You decide to check your Facebook before bed and see that you have a new friend request. Thinking to yourself, “Hmm, have I met anyone new lately?” you curiously click the notification to unveil your potential ‘new friend.’
You aren’t exactly sure what to think when you see the name, Jesus, appear before your eyes…
Now while it is completely crazy to think of Jesus uploading selfies to Instagram or posting tweets such as, “Just Got Baptized!! #WWJD,” on Twitter, it is interesting to think what his social media profiles would look like if he had them. This was an idea that the priest expressed at Mass this morning, and one that he encouraged us to think about: what do our social media profiles tell others about us? Do they tell others that we are children of God or do they tell others that we are “YOLO-ing” – only living once – and therefore drinking excessive amounts of alcohol and living promiscuous lives while documenting these events via our social media outlets?
Social media, texting, snapchat, all of these forms of communication are not in of themselves a bad thing. They can become a bad thing, though, when they become the center of our lives and a primary means of communication. They can become a bad thing when the thought of calling someone or physically getting together and talking seems weird. What ever happened to the good old days of calling and visiting our friends and family?
We can learn so much about a person based off of how they communicate. And I’m not just talking about in the written sense. If someone speaks with some sort of an accent we can immediately think, They must not be from around here, and when they start using words that are unbeknownst to us we might think, This person has an impressive vocabulary. Their body language when speaking can reveal a lot as well. Think about it. If someone says the following words, “It was so nice talking to you,” in a straight-faced no inflection type of voice, it wouldn’t give off the same effect as someone saying those words while smiling and changing the pitch of their voice to communicate that sincerity.
The part of the priest’s homily that I liked the most was when he was talking about what one’s actual words can reveal about a person. A person’s interior spiritual and emotional health can be revealed by what words one chooses to speak. If someone is consistently complaining and constantly poking fun of others, chances are they are not well inside. If a person has this desire to post 30+ Facebook statuses/with pictures daily with the sheer intent of getting ‘likes’ or snaring a prospective suitor, they are not well inside. The priest went so far as even saying that those of us who constantly encourage and ‘like’ these posts/tweets/etc. might not be well either as should we really be that concerned about how others spend each minute of the day?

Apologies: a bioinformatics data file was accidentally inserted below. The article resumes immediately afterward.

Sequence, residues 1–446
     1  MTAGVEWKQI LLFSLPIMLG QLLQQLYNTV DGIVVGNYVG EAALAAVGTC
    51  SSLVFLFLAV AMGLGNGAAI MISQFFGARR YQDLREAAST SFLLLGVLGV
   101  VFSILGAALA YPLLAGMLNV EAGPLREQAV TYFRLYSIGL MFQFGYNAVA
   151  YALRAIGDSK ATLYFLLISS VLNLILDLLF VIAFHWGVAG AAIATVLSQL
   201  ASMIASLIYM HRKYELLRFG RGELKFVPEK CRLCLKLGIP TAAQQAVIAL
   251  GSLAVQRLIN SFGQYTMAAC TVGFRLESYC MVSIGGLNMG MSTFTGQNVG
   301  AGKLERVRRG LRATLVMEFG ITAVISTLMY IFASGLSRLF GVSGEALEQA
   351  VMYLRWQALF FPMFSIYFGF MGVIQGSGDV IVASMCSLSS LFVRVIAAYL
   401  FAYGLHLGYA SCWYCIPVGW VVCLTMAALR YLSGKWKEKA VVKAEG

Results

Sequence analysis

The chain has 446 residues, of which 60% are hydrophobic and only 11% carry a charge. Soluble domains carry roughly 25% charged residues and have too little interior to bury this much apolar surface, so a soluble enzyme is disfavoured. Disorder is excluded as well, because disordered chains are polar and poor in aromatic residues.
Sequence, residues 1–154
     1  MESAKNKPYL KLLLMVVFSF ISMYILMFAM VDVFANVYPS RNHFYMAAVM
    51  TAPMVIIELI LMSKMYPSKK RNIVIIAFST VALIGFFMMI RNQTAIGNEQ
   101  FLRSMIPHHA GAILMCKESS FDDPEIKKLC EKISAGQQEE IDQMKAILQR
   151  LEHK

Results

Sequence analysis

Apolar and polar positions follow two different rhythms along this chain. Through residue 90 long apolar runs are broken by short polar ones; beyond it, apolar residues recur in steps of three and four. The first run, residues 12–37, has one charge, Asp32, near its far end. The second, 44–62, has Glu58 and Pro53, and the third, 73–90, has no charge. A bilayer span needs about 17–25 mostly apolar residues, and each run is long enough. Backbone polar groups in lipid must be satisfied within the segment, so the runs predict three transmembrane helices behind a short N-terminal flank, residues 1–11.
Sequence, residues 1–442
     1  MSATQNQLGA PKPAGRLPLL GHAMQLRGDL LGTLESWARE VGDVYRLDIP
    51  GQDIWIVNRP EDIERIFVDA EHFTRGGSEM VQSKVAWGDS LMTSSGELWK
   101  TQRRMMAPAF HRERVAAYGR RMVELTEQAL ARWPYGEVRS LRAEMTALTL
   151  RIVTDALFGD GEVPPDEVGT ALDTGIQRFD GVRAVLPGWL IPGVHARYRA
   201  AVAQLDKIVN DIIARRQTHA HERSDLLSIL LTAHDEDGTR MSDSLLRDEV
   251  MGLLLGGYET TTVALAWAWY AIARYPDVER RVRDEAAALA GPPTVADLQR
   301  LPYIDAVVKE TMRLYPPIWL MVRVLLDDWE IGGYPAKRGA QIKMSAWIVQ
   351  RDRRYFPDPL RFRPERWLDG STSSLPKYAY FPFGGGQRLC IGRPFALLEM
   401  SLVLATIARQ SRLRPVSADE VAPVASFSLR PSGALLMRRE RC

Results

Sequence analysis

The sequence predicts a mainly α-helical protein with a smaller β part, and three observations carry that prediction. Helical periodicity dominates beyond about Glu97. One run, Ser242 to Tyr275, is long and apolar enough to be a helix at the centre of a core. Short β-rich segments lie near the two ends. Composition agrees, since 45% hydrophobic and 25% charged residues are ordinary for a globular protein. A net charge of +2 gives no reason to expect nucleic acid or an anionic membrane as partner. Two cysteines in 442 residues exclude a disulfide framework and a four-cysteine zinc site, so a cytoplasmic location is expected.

All the while the priest was talking about this I couldn’t help but think of my own social media/texting use. Just last night one of my best friends and I were out with a few other friends, and we probably spent close to 3 minutes trying to take the perfect ‘selfie’ while everyone else was talking. We spent at least three minutes of our lives staring into a cell phone camera screen just so that we could get this ‘cute new profile pic.’ Was taking this picture necessarily an evil thing? No. But does it demonstrate how technology has become such a huge part of our lives? Yes.
I really like this idea and challenge to think of Jesus having social media. I also thought of this after church, but what if Mary had a social media profile? What kinds of things would she post? Would she post at all?
I guess the message I’m trying to get across in this post is nothing groundbreaking. We all know that technology can be consuming at times, but what can we do to fight it? How can we make using social media a positive thing? I think the following are some practical tips:
- Plan to have a ‘no cell phone’ night once a month when hanging out with friends. Even if it’s just you not using your phone, think of how much more engaged you could be in conversation/how much more fun you could have!
- Set limits for how much time you devote each day to social media. If you find that you automatically wander to Facebook/Twitter/insert-name of social media, the second you turn on an electronic device, try logging out each time, so you actually have to type in your user name and password each time. I’ve actually started doing this with my Facebook on my computer because that has always been a struggle for me, and it’s helped!
- Don’t use social media as a place to complain. Complaining only opens others to complain/add their two cents, so just don’t do it. Even if you really received terrible service at a restaurant or whatever, is it that important that you share those thoughts with the entire world?
- On those same lines, don’t use social media as a place to bring down other people. It’s just not necessary.
- Unfriend/unfollow friends/people that consistently post negative things. Try following favorite inspirational speakers instead!
I’d be curious to hear any other thoughts on this topic. Lately I’ve debated getting rid of snapchat- I honestly don’t use it very much, but I’ve been thinking about this lately, “I wonder how much time I spend each day just reading/watching snaps?” Even if it’s only five minutes, that’s five minutes I could have spent praying or doing anything else besides watching videos of puppies doing tricks.
I will leave you with a picture I posted on my blog last year, but writing this post made me think of it . Hope you had a great weekend!